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Experts: Polls Can Get Latino, Asian American Vote Wrong

Experts warn that there are good polls and bad polls which can lead to the wrong information about Latino and Asian American voters.
People cast their votes at a polling station inside the Enoch Pratt Free Library's central library branch in Baltimore, Tuesday, April 26, 2016.Patrick Semansky / AP

As the Presidential Election finally approaches, experts warn that there are good polls and bad polls which can lead to the wrong information about Latino and Asian American voters.

Getting it right is important in a year when registration and early voting is showing record participation among these two groups, said several pollsters and members of Latino and Asian American organizations in a conference call on Friday.

"One fatal flaw of pre-election surveys are too few Latinos in samples, leaving very large margin of errors, sometimes exceeding ten percentage points," said Gabriel Sanchez, a principal at the polling firm Latino Decisions. "Additionally, the wrong Latinos are often surveyed, meaning that they are not representative of the population they are supposed to project."

“Public polling and the exit polls repeatedly get it wrong when it comes to capturing the Asian American electorate, whether by including too few Asian Americans in the sample, failing to conduct interviews in their primary language, or failing to ask about the issues that really matter to Asian Americans," said Taeku Lee, a principal at Asian American Decisions.

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Much of what we think we know about Latinos on election day comes from exit polls, which have been notoriously dismissive of minority voters. For instance, an exit poll conducted during the 2014 election in Texas claimed that Republicans were making significant progress with Latinos, but a close look at the data revealed that the data collected in the exit polling was insufficient in supporting the claims being made.

While the methods used to do research on the majority of the population are generally better, gathering data on minorities is more difficult for several reasons.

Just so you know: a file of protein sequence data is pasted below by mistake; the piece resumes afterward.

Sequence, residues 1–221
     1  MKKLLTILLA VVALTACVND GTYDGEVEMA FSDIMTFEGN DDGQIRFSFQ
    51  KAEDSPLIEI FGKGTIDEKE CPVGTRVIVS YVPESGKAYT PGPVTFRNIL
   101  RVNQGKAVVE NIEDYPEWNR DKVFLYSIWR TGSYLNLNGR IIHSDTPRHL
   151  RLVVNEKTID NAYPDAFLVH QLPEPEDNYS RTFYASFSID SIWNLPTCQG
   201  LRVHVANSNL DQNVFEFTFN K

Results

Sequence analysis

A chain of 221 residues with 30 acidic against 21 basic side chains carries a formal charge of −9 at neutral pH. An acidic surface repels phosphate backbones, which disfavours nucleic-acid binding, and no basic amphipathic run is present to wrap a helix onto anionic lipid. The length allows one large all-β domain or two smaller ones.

First, minorities make up a smaller proportion of the electorate and so they are more difficult and expensive to reach.

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Latinos and Asian Americans are not always comfortable answering questions by pollsters in English. Reaching them in Spanish, Korean, Tagalog, or some other language becomes expensive for polling firms. Minorities generally live in concentrated geographic regions, making it more likely that any methods which do not specifically seek out minority respondents will miss out on them.

There is still a long way to go, said Gabriel Sanchez, and there is greater difficulty in educating the media and the public about what to expect.

"We should all ask these three questions before running with exit poll results,” said Sanchez later in an e-mail with NBC Latino.

“First, what percent of the interviews were conducted in Spanish? Second, do the Latinos in the survey match what we know about Latinos from the US Census and other records? Third, we should look at where these Latinos are from. How many come from majority-Latino precincts?"

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Similar questions apply when polling Asian American voters.

Victoria DeFrancesco Soto, an expert on Latino political behavior, recently outlined differences in important characteristics of Latinos in Arizona, North Carolina, and Florida. Hispanics are far from monolithic. There are not only variations regarding their country of origin, such as Cuba, Mexico or some other region, but local nuances regarding how long they have resided in the U.S., which can influence political views.

Latino Decisions will be releasing an election eve poll with a national sample of more than 5,500 Hispanics as well as state-level results in 12 states with large Hispanic populations, including key swing states.

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